No more IOUs: These apps let you pay your friends

Thanks to our smartphones, there’s no longer a need to put that drink purchase from a friend on an imaginary tab, or give them an IOU.

Mobile payment apps are making it a lot easier to give our friends or family cash, whether it’s to split a restaurant bill, offer a gift, or settle a bet.

In July, research firm eMarketer projected more than 91 million people will use these services by 2019, up from 31.4 million in 2015. Meanwhile, the value of transactions processed via mobile payment apps will surge from more than $46 billion in 2015 to more than $187 billion in two years.

Look no further than app rankings, where the top three listed in the Finance section of Apple’s App Store as of Monday are for mobile payments.

The apps work in a similar fashion: you connect the service to your bank account, and it will deduct or add money as you pay friends or receive payments. You can send payments using the recipient’s name, phone number, email or username. It also offers easy ways to split bills, such as if you’re eating out with a group of friends.

Here’s a look at some of the more popular apps for paying your friends, all available on iOS and Android:

Venmo

Launched in 2009, Venmo is one of the pioneers in the peer-to-peer payment market. And it’s become popular enough that people use the term like a verb (“I need to Venmo some money”). You can either set up a Venmo balance on the app, or connect your credit or debit account.

A big reason for its popularity is that it’s social, allowing users to check out their friends’ activities, or send fun messages or emojis with their payments. Users can add friends or family through contacts, Facebook friends, or a recently introduced scannable QR code.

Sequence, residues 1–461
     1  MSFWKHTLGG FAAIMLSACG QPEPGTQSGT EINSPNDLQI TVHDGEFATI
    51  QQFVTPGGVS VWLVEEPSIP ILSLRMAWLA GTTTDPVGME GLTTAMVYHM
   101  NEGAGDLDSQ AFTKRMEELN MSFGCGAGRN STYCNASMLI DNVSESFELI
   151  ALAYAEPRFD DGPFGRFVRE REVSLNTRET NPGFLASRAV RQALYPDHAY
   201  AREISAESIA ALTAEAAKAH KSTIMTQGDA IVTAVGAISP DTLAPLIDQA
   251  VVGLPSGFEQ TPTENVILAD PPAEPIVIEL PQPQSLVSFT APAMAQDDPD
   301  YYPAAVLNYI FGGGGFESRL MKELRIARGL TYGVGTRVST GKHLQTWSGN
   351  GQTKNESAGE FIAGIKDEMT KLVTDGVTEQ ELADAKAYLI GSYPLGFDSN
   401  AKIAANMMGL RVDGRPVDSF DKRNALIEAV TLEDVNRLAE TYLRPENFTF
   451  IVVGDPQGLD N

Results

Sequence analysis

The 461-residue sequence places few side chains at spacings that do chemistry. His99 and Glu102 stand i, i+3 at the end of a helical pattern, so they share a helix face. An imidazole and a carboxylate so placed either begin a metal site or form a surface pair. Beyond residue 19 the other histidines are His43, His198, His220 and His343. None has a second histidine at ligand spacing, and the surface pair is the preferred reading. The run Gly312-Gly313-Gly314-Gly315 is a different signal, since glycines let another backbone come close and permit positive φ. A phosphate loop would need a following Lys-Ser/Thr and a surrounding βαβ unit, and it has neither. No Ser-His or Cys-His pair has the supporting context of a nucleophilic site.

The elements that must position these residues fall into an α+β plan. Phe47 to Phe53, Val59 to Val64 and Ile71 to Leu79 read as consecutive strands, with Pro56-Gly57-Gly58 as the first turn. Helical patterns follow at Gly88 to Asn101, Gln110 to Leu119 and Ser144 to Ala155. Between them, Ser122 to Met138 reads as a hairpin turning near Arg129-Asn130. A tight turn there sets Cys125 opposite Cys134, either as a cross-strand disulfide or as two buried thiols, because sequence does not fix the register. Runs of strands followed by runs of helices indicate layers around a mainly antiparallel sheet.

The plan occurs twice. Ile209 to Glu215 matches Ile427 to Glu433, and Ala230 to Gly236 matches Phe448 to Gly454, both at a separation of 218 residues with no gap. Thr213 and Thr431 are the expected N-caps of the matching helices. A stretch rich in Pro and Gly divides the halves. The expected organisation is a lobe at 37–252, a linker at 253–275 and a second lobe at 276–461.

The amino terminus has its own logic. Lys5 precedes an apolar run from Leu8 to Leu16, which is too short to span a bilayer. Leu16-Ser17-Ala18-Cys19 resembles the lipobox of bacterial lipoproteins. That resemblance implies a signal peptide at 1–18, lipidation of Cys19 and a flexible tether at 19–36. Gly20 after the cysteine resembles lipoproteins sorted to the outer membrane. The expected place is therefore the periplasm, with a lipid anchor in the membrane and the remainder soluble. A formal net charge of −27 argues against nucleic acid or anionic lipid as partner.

Are there any fees? It’s free if you pay with your balance, bank account, debit card or a prepaid card. If you use a credit card, there’s a 3% fee.

PayPal

PayPal acquired Venmo in 2013 as part of its $800 million deal for parent company Braintree. The company says they host a combined 210 million active customer accounts between PayPal, Venmo and other services.

PayPal, which spun off from eBay in 2015, works similarly to Venmo, but offers a less social experience. It allows users to transfer cash by email or phone number. Users can also track activity within the app, from cash transfers to online purchases or monthly bills automatically deducted from PayPal. One major plus for PayPal: you can send or receive money in 25 different currencies.

Are there any fees? Sending money through a linked bank account or PayPal balance is free. Using a PayPal credit, debit card or credit card nets a 2.9% fee.

Zelle

The service run by risk management firm Early Warning partners with several leading banks including Bank of America, Capital One and Wells Fargo to offer the option to directly pay friends or family. All users need is their bank’s app to send and receive money.

Zelle will launch a standalone app later this year. Like other apps, sending and receiving payments typically happens within minutes. Debit cards or checking and savings accounts can be used, but not credit cards. For those users reluctant to offer their banking info to a third-party app, Zelle is a solid alternative.

Are there any fees? Banks associated with Zelle say there are no fees.

Square Cash

Most users know Square as the service businesses use to process transactions. But they have their own person-to-person payments app that includes an interesting perk: a Visa debit card containing your Square Cash balance used for physical purchases. There’s also the option to instantly deposit money from your Cash account to your bank.

Are there any fees? Payments sent by credit card incur a 3% fee. Also, Instant Deposits include a 1% fee. A standard deposit is free.

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